Six practices into spring football, MarQueis Gray has done nothing short of blow other players away in what is supposedly a quarterback competition.
He completes more passes than others vying for the position, he makes longer runs and he just makes better decisions.
But even the teamâÄôs best signal caller has plenty of work to do in order to compete in the Big Ten.
âÄúWeâÄôre going to be patient,âÄù head coach Jerry Kill said. âÄúWe donâÄôt have a choice.âÄù
Although the GophersâÄô new offense shares many commonalities with last seasonâÄôs, Gray and other quarterbacks have a lot to learn. With time and effort comes the payoff, Kill hopes. And by the time September rolls around, Gray might not be botching snaps, as he did at least once during SaturdayâÄôs practice at TCF Bank Stadium âÄî even though he ran it back to the line of scrimmage.
Gray feels like heâÄôs improving with each practice, but there was a slight drop off when he donned pads Tuesday. In the third practice in pads, though, he completed an early 70-yard touchdown pass (35 yards in the air) to DaâÄôJon McKnight, making it look incredibly simple.
âÄúEveryoneâÄôs starting to get into a rhythm now that itâÄôs practice six, and weâÄôre moving on,âÄù Gray said.
Punting on the rise
With the move outdoors Saturday, the GophersâÄô punting unit could finally practice in full.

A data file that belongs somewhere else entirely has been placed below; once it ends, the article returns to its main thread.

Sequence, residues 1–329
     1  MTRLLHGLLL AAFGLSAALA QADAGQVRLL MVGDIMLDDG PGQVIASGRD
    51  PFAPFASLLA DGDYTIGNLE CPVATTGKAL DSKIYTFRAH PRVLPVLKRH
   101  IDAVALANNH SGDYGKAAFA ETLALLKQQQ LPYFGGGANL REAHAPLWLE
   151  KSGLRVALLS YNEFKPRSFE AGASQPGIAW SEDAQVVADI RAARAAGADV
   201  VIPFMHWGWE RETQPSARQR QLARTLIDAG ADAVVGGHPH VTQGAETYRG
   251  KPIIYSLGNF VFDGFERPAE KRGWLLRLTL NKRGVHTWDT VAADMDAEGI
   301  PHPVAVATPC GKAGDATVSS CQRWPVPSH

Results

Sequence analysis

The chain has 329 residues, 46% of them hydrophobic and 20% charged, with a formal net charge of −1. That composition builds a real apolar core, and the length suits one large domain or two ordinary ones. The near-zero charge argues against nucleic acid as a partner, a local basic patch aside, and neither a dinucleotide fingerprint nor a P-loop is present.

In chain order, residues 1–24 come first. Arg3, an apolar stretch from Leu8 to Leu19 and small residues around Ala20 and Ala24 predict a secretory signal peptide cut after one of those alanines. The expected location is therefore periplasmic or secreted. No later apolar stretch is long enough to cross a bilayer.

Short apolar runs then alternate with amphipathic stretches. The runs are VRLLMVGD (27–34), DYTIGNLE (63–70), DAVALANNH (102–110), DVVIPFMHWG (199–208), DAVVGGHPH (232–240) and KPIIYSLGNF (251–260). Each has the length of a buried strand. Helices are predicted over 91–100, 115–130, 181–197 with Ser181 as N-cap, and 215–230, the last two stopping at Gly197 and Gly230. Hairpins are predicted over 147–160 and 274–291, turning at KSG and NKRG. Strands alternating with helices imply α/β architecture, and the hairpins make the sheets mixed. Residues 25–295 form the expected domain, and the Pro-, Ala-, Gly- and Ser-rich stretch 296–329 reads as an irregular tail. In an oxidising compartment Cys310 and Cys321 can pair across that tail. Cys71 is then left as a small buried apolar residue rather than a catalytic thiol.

Kill has been working one-on-one with the punters, but if his coaching is any indication, the person snapping had just as much to do with Minnesota having the worst net punting average in the Football Bowl Series last season.
Long snapper Jake Filkins gets an earful any time he makes a poor snap. Asked if the target of his yelling spats is in the doghouse, Kill acted as though there is no doghouse.
âÄúI would yell at you if you get in my way,âÄù Kill said. âÄúThatâÄôs just coaching. ItâÄôs not personal. ItâÄôs not being tough âÄ¦ He had a bad snap. I let him know.âÄù
The punters themselves did âÄúpretty well,âÄù Kill said, and Dan Orseske boomed a few over 50 yards. The new coach hasnâÄôt shied from yelling at the punter either, but Orseske just takes it in stride âÄî with a different stride from last year since Kill changed his footwork.
âÄúI think IâÄôm a lot more mentally focused this year,âÄù Orseske said.
Around the Brock
Based on his play this spring, football genes apparently just run in cornerback Brock VereenâÄôs family.
VereenâÄôs brother Shane played at California and is one of the top-rated running backs in the 2011 NFL draft. His father Henry was an NFL wide receiver.
The excellence in his family line motivates him to an extent, but Vereen has had no choice but to improve quickly during spring practice. He regularly lines up across from freshman Marcus Jones, the GophersâÄô fastest receiver.
One of SaturdayâÄôs best plays came from Vereen, who made an acrobatic interception that sparked gasps from the 500 or so fans at the stadium.
âÄúI would love to make a play like that every play,âÄù Vereen said.
He also made an impressive interception Tuesday, taking the ball from GeâÄôShun Harris as the two fell to the ground.